Fraud and abuse in health care is a serious problem that impacts us all. Up to 10 percent of annual health care costs stem from fraud and abuse.1
Our special investigators work with health care companies and law enforcement to detect and prosecute those who commit fraud and abuse.
Report Suspected Fraud
There are many ways health care fraud can happen.
Examples of fraud by medical staff include:
- Billing for services not actually rendered
- Billing for services not medically necessary
- Billing for a more costly service than was actually performed
- Waiving patient copays and deductibles and overbilling the insurance carrier
- Accepting kickbacks for patient referrals
Examples of fraud by patients include:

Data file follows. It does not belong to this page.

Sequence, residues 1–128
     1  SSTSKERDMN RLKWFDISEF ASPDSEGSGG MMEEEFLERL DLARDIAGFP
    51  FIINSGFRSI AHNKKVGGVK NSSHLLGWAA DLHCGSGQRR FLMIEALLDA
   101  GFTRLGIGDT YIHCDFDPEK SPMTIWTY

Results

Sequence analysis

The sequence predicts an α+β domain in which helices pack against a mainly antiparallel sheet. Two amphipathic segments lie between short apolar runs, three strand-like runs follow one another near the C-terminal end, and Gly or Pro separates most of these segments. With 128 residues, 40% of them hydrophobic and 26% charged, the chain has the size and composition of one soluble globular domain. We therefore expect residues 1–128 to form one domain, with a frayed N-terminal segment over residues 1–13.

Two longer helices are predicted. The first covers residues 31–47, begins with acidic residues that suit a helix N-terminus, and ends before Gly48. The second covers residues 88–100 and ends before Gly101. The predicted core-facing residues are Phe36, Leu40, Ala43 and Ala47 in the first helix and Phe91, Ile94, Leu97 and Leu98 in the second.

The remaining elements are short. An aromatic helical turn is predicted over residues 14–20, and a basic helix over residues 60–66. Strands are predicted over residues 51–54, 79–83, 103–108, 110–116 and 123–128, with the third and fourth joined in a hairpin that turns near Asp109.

- Filing claims for services not provided
- Forging or altering receipts
- Encouraging a health care provider to inflate or misrepresent the services provided
- Allowing others to use their health insurance card
You can help identify fraud by:
- Checking your EOBs (Explanation of Benefits) for accuracy:
- Dates of service
- Services received
- Amount charged
- Guarding your member ID number as you would your credit card number.
- Signing one claim form per visit.
- Dating your claim form. This makes it easier for you to match bills with your EOB.
1From the The U.S. General Accounting Office
If you suspect Medicare fraud or other health care fraud, please contact us.
Toll free hotline open 24/7. Callers may remain anonymous.
PO Box 773737
Harrisburg, PA 17177-1132
Complete our online
When completing the online form or sending an email to us, please include as much information as possible (such as the name of the patient or provider, address and a summary of the allegations).
For Medicare health
care fraud, you may also contact the Office of the Inspector General.
Office of Inspector General
U.S. Department of Health and Human Services
P.O. Box 23489
Washington, DC 20026